I think it’s going to be a nutrition game for me this year, fingers crossed!
What does your nutrition plan look like?
I didn’t get the buckle the first year, and that was because of nutritional mishaps. At one point, I went three hours without eating or drinking, so that’s what did me in. Since then, I’ve put a lot of effort into really pinpointing what I needed.
This year, as I did last year, I will be using a total nutrition supplement from Infinit Nutrition. Brent Goldstein, who’s also a board member for First Descents, put me onto it – they allow you to customize your blend, based on what your perception is of what you need, along with providing free consultations to help athletes design their optimal mix.
I supplement their Go Far Endurance Fuel with extra calories and electrolytes and will have a bottle or two of their Speed High-Intensity formula, which helps whenever I’m starting to bonk a little bit and need a little extra sugar. And then I would say I probably will use a Clif Shot Bloc or its equivalent once or twice throughout the race when I’m just feeling a lag.
What’s the best advice you have for riders in the LT100 MTB?
I think it’s just making sure you don’t repeat past mistakes. What I would tell people about coming back that next time is to learn from whatever caused you not to get it that first time, whether it was your nutrition or your training or your state of mind, and then let’s address that and not come back with the same plan and hope for a different result.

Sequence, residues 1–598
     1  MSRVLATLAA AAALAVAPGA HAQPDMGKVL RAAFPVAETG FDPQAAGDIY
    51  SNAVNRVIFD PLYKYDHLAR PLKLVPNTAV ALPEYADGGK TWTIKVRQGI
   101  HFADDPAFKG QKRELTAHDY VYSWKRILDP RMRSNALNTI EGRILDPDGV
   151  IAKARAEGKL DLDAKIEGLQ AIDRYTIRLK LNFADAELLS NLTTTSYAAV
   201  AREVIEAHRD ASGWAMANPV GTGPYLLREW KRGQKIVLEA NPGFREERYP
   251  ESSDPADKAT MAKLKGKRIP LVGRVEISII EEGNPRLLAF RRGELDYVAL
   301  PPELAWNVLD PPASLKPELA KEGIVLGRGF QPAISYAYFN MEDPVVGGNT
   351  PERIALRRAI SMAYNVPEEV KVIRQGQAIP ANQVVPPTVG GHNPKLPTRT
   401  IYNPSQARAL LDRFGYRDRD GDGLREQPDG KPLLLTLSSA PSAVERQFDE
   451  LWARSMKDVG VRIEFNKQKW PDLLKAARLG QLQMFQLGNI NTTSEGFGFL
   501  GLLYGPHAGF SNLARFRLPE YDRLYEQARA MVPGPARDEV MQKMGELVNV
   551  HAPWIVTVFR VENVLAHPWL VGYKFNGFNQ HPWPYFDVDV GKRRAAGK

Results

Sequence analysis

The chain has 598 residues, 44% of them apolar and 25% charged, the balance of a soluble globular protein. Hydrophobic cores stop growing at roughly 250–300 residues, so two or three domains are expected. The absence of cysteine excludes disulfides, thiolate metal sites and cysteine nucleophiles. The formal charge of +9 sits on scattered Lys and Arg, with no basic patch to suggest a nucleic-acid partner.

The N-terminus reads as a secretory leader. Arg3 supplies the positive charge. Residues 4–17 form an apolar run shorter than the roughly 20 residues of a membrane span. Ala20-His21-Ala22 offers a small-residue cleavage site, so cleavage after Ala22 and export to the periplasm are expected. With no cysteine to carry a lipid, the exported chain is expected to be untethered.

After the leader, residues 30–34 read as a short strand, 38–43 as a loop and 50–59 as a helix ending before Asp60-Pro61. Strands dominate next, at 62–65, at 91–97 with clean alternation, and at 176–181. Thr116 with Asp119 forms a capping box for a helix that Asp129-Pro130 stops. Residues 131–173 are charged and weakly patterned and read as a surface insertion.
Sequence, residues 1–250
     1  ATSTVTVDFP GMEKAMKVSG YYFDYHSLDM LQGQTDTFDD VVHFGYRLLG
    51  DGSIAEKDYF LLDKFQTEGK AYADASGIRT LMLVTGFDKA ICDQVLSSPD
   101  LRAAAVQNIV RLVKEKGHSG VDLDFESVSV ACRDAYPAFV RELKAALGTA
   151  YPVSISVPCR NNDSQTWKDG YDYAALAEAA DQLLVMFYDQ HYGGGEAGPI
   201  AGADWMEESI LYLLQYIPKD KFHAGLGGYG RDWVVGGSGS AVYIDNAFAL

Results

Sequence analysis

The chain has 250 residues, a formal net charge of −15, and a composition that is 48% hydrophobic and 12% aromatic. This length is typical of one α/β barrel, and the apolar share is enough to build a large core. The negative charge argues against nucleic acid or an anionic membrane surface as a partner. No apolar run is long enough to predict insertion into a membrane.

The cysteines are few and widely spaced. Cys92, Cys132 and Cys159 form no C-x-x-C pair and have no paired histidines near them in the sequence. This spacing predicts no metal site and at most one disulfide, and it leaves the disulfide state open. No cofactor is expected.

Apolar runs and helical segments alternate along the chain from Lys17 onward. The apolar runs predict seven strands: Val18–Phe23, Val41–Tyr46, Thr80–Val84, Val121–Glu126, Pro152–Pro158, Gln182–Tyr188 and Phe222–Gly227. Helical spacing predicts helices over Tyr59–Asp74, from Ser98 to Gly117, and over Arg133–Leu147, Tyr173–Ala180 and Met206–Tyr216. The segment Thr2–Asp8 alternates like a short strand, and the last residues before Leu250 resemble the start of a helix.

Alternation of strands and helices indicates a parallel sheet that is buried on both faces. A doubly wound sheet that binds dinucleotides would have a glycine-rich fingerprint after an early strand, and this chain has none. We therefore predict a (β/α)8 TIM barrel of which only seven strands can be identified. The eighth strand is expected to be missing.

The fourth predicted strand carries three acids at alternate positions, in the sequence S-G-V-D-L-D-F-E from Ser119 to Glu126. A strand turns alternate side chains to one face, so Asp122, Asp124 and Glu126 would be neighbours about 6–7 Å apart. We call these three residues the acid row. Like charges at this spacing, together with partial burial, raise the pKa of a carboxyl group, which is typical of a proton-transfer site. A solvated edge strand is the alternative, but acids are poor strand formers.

For first-timers, there are so many ways you can go about this, so take the cookie cutter plans out there and mold them to your own needs. No plan is perfect for every person, and so listen to your body and change things that aren’t working.
What motivates you to keep going when the riding gets tough?
For me, it’s really about providing the next person with the same opportunity to participate in a First Descents program that Nate had, to help them get out there after a cancer diagnosis and find what they need to live their best life going forward.
Frankly, I really like the tough parts of the race because it pushes me in a healthy way. As much as it sucks going up Powerline, I’ve never experienced anything as tough as a cancer diagnosis or a fight for my life, so when things get tough, I have that perspective to help me to remember that it’s only a few more miles on this beautiful course in this amazing place, and so i need to quit whining and enjoy it, because a lot can happen before I have another shot at a buckle!
Kyle Wagner worked at The Denver Post from 2002-2014 after nine years as restaurant critic for Westword. Kyle is an avid mountain biker and outdoors woman. She has ridden the Leadville 100 MTB twice, both times during or following her own breast cancer treatments. Over the next six weeks, she will be following our Leadville runners and riders to bring you the inside scoop on how Team FD is getting #OutLivingIt like never before! Keep up with the stories by checking back weekly on our Out Living It Blog.